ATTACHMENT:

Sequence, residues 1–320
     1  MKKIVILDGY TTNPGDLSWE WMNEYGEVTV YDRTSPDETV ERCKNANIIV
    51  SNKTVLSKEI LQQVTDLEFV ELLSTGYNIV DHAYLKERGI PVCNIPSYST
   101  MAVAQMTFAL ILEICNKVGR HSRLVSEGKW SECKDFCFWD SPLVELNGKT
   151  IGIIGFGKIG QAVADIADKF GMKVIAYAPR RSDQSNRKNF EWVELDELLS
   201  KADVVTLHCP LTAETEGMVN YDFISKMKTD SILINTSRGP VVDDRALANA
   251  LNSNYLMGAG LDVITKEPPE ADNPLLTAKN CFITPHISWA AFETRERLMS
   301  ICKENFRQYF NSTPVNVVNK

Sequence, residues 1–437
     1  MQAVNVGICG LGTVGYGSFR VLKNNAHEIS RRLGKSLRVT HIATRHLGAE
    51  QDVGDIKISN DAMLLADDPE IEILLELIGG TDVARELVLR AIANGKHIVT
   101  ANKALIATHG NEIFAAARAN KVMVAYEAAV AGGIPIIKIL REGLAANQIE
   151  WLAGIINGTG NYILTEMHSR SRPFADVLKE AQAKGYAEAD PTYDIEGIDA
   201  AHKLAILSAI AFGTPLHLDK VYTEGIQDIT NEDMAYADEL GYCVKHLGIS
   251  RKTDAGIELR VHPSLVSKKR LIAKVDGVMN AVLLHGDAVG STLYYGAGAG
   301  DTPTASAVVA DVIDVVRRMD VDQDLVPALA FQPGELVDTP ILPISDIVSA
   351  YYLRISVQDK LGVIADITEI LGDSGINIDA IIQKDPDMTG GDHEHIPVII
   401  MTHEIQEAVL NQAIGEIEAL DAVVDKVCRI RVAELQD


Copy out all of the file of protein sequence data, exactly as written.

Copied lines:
Sequence, residues 1–320
     1  MKKIVILDGY TTNPGDLSWE WMNEYGEVTV YDRTSPDETV ERCKNANIIV
    51  SNKTVLSKEI LQQVTDLEFV ELLSTGYNIV DHAYLKERGI PVCNIPSYST
   101  MAVAQMTFAL ILEICNKVGR HSRLVSEGKW SECKDFCFWD SPLVELNGKT
   151  IGIIGFGKIG QAVADIADKF GMKVIAYAPR RSDQSNRKNF EWVELDELLS
   201  KADVVTLHCP LTAETEGMVN YDFISKMKTD SILINTSRGP VVDDRALANA
   251  LNSNYLMGAG LDVITKEPPE ADNPLLTAKN CFITPHISWA AFETRERLMS
   301  ICKENFRQYF NSTPVNVVNK

Sequence, residues 1–437
     1  MQAVNVGICG LGTVGYGSFR VLKNNAHEIS RRLGKSLRVT HIATRHLGAE
    51  QDVGDIKISN DAMLLADDPE IEILLELIGG TDVARELVLR AIANGKHIVT
   101  ANKALIATHG NEIFAAARAN KVMVAYEAAV AGGIPIIKIL REGLAANQIE
   151  WLAGIINGTG NYILTEMHSR SRPFADVLKE AQAKGYAEAD PTYDIEGIDA
   201  AHKLAILSAI AFGTPLHLDK VYTEGIQDIT NEDMAYADEL GYCVKHLGIS
   251  RKTDAGIELR VHPSLVSKKR LIAKVDGVMN AVLLHGDAVG STLYYGAGAG
   301  DTPTASAVVA DVIDVVRRMD VDQDLVPALA FQPGELVDTP ILPISDIVSA
   351  YYLRISVQDK LGVIADITEI LGDSGINIDA IIQKDPDMTG GDHEHIPVII
   401  MTHEIQEAVL NQAIGEIEAL DAVVDKVCRI RVAELQD